Chris Hayes shares the three most awesomest things on the internet for Monday: Gizmodo rounds up a list of proposed NYC infrastructure projects that never came to be; Oregon rolls out a series of ads for its state-run health care exchange, and let's... watch
The allegations of illegal sterilization in California prisons echo the forced sterilization's that took place in California nearly 50 years ago - and serve as a sharp reminder of the California connection between eugenics and the Nazis. watch
Watch All In with Chris Hayes tonight for the latest on a major partisan debate now coming to a head in the Senate. Much to the frustration of Democrats, Senate Republicans have been blocking Obama nominees from coming to a vote using a rule allowing them to filibuster indefinitely unless the Democrats can muster a supermajority. read more
UPDATED, July 11, 2:28 p.m.
San Antonio resident Justin Carter, 19, has been in jail for nearly four months. Carter says he has been assaulted repeatedly by other inmates and subsequently placed in solitary confinement. According to his lawyer, Carter is so depressed that he's on suicide watch, meaning that the jail guards have stripped him of his clothes and replaced them with only a gown. read more
1. Figuring out how to create more space in New York City is a total "fit a square peg into a round hole" situation. But those crafty New Yorkers have solutions, or at least inventive ideas of how to solve the problem. The folks over at Gizmodo dug into the annals of New York City's planning proposals and found some absolute gems like filling up the Hudson River to add 10 miles of land to Gotham.
(Photo: via Gizmodo) read more
Already notorious for mistreating its prisoners, the California Department of Corrections has been tarnished further. The largest prison system in the nation, with more than 119,000 currently incarcerated, has been exposed by the Center for Investigative Reporting (CIR) for sterilizing "nearly 150 female inmates from 2006 to 2010." Over at least a 4 year period, without required approval, California officials ordered doctors to perform tubal ligations, a procedure that closes a woman's fallopian tubes. read more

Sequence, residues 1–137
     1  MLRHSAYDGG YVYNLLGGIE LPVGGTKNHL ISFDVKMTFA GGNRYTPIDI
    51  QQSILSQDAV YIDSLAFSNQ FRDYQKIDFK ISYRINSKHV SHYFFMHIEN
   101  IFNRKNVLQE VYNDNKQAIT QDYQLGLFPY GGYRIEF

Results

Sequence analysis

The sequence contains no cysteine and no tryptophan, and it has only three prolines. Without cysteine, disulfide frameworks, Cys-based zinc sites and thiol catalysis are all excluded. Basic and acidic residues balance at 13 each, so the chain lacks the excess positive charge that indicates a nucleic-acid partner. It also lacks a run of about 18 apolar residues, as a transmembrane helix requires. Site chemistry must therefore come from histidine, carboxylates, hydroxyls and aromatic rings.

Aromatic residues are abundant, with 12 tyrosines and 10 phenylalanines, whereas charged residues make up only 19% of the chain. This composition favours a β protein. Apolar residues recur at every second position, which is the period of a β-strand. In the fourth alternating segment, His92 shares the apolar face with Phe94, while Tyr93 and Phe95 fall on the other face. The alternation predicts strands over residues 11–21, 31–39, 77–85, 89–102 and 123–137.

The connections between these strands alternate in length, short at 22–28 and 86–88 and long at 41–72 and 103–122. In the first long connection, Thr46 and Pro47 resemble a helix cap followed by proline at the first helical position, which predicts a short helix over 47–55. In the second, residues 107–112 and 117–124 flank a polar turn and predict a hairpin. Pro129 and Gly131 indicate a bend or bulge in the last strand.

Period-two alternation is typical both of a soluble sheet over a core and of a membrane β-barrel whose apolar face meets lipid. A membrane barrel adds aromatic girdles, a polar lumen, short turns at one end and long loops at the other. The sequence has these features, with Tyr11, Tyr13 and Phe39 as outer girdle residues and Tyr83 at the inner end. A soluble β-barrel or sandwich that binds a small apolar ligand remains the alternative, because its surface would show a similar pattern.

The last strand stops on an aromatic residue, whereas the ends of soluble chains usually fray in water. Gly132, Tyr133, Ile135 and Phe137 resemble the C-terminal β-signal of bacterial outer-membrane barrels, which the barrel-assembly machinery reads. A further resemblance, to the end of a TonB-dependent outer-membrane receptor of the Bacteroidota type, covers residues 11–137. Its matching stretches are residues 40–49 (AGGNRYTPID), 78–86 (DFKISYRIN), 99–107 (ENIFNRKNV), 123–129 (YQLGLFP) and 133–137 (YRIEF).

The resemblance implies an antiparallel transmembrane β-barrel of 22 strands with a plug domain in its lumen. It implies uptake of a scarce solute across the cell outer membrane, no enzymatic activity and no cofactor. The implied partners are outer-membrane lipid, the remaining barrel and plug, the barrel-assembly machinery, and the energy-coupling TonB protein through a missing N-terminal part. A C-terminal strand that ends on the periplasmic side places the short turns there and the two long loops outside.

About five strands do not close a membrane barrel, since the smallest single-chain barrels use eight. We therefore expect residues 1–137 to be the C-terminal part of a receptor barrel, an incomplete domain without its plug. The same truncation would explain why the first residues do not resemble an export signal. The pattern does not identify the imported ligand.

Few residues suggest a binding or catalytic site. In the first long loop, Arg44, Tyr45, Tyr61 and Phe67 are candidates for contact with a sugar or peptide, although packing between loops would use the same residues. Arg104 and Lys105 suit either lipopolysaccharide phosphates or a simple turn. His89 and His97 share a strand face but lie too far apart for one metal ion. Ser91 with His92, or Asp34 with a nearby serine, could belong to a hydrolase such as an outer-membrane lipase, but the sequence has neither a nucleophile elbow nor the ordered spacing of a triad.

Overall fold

For Edward Snowden, the easy part might be over.
After spending weeks in limbo at the Moscow's Sheremtyevo airport and requesting asylum from at least 21 countries, the NSA leaker has found three options for safe haven: Bolivia, Venezuela, and Nicaragua. Now he just needs to get from Eastern Europe to Latin America. Easier said than done when the most powerful country on Earth intends to have you extradited. read more
Since NSA leaker Edward Snowden first unmasked himself to the Guardian and the world, Pentagon Papers whistleblower Daniel Ellsberg has tirelessly defended his unauthorized public disclosure of government surveillance programs. On Sunday, he added that Snowden was right to flee the United States rather than face prosecution. read more
The Bureau of Labor Statics jobs report, June 2013: unemployment rate unchanged.
To be precise, the unemployment rate is hovering at 7.6%, exactly where it has been since March, except for a brief interlude in May when it dipped down to 7.5%. While those numbers represent a significant drop from the 10% unemployment the United States experienced in October 2009, it's still a mere 0.2% lower than the 7.8% jobless rate that President Obama inherited when he first took office in January 2009. Quite the recovery. read more
The June jobs numbers were better than expected, with 195,000 jobs added last month when analysts were expecting a number closer to 155,000. What's more, businesses were hiring more people in previous months than originally anticipated, as my colleague Steve Benen explains. That's all welcome news. read more